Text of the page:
Last Updated: Friday, 22 July 2016, 13:43 GMT

Bolivia: FIDH and APDHB call for the respect of the right of the TIPNIS indigenous communities to a prior, free, informed, concerted and good faith consultation

Publisher International Federation for Human Rights
Publication Date 6 May 2013
Cite as International Federation for Human Rights, Bolivia: FIDH and APDHB call for the respect of the right of the TIPNIS indigenous communities to a prior, free, informed, concerted and good faith consultation, 6 May 2013, available at: http://www.refworld.org/docid/518ceec6f.html [accessed 24 July 2016]
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Last Update 6 May 2013

In a report published last Thursday, FIDH and the Permanent Assembly for Human Rights in Bolivia (APDHB), recognize the historic progress made in the area of the rights of the indigenous populations in Bolivia. Nonetheless, the same report advocates the Villa Tunari – San Ignacio de Moxos road works remain suspended as long as a proper consultation process is not undertaken with the communities of the Indigenous Territories of the Isiboro Secure National Park (TIPNIS) in order to obtain prior, free and informed consent.

FIDH and APDHB, upon the express request of the representative and grassroots organizations of the TIPNIS indigenous communities, took part in a fact finding mission from 29 November to 14 December 2012 in the area for the purposes of verifying the fulfilment of the right to prior consultation of the population within the framework of the Villa Tunari – San Ignacio de Moxos road project. In the report published last Thursday, FIDH and the APDHB express their concern about the lack of respect, protection and fulfilment on the part of the Bolivian authorities to the right to an informed and concerted consultation.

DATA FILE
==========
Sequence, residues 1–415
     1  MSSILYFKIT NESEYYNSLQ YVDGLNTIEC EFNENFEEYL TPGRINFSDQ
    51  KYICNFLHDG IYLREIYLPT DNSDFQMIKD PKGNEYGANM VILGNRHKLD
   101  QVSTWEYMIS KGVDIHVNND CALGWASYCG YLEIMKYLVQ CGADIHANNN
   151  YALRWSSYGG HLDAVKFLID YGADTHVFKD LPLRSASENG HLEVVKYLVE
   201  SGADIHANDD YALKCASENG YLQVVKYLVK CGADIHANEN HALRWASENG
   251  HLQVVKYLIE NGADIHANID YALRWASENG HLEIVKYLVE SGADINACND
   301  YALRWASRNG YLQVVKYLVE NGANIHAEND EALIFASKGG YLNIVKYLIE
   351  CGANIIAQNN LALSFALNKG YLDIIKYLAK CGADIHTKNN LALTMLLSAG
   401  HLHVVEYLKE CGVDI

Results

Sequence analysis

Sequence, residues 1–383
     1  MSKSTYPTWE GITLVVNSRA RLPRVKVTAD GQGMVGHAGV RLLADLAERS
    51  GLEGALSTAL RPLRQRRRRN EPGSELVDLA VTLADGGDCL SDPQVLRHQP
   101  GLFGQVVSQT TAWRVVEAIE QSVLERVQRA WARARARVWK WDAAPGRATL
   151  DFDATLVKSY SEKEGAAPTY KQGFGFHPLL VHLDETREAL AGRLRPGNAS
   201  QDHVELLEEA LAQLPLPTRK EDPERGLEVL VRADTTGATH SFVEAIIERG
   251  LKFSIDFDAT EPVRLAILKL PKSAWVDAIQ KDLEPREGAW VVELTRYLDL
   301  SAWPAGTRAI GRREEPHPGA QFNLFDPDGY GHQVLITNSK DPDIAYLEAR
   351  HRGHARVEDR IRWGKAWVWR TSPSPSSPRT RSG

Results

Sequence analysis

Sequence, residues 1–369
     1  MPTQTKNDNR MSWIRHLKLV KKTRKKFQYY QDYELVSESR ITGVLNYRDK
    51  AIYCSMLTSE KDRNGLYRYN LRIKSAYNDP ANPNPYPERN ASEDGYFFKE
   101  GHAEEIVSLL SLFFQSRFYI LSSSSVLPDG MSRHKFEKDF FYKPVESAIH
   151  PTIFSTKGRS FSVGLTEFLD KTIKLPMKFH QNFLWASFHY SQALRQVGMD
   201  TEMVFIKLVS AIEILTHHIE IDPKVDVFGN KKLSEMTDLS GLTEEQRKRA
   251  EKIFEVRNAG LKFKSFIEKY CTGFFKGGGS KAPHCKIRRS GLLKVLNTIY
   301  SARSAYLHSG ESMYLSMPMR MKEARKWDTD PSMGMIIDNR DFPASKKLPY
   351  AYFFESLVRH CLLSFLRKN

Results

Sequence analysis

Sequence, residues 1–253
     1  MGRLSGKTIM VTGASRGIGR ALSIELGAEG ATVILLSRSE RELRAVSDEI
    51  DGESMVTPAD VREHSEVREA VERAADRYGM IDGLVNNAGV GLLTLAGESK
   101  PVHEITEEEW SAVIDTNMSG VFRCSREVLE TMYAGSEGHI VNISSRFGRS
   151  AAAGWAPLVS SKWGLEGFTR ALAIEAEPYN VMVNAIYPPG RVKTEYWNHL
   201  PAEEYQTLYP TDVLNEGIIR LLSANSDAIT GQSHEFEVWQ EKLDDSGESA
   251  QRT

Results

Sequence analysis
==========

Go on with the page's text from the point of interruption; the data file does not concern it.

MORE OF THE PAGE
A consultation process with the TIPNIS population was carried out to abrogate the protection of the area, which is so far ensured by Law N°180/11, and for the construction of the road. The FIDH and APDHB report does not concur with the figures published by the government according to which, out of the 69 communitites consulted, 82% were against the protection of the TIPNIS and 80% approved the road construction. Indeed, of the 36 communities visited by FIDH and APDHB, only 19 stated having been consulted, and 30 communities rejected construction of the road. Three communities approved it on conditions that an impact assessment be carried out, the road path be changed, neighboring paths be opened and that a clean-up project for the neighboring river be put in place to improve river/maritime transport. An additional three agreed to the road construction plan.

The collected testimonies show numerous irregularities in the consultation process, specifically the lack of consultation prior to the decision making process: in fact, the memorandum of understanding for the financing was signed two years prior to the initiation of the consultation process. Furthermore, the communities consulted reported having received gifts, having been pressured or being imposed restrictions in exchange for acceptance of the consultation: some were coerced through the suspension of development projects in case of refusal. Similarly, the communities indicated that the authorities informed them that they could no longer use the natural resources if the TIPNIS were to remain a protected area despite the law. Additionally, the visits and procedures engaged turned out to be swift, bringing little explanation as to the positive or negative impacts of a project of this magnitude.

Therefore, FIDH and APDHB maintain that any and all major works in the TIPNIS, may they be current or happen in 2015, must be carried out after proper consultation with the TIPNIS indigenous population and include their prior, free and informed consent.

FIDH and APDHB call on the Government of Bolivia to follow the procedures for a prior, free and informed consultation as set forth in the Constitution of the Plurinational State of Bolivia, in ILO Convention No. 169, to which Bolivia is a State Party and in the United Nations Declaration on the Rights of Indigenous Peoples that have all been transposed into law. Similiarly, they call on authorities to implement mechanisms to protect those in the communities who have given their testimonies to the mission as well as reestablish trust and unity of the social fabric of the TIPNIS communities.

Erratum: The numbers pages 7 and 13 of the report that state that out of the 58 communities consulted, 82% were against the TIPNIS territory protection and 80% approved the road construction are from the Government and not from the Electoral Supreme Court.

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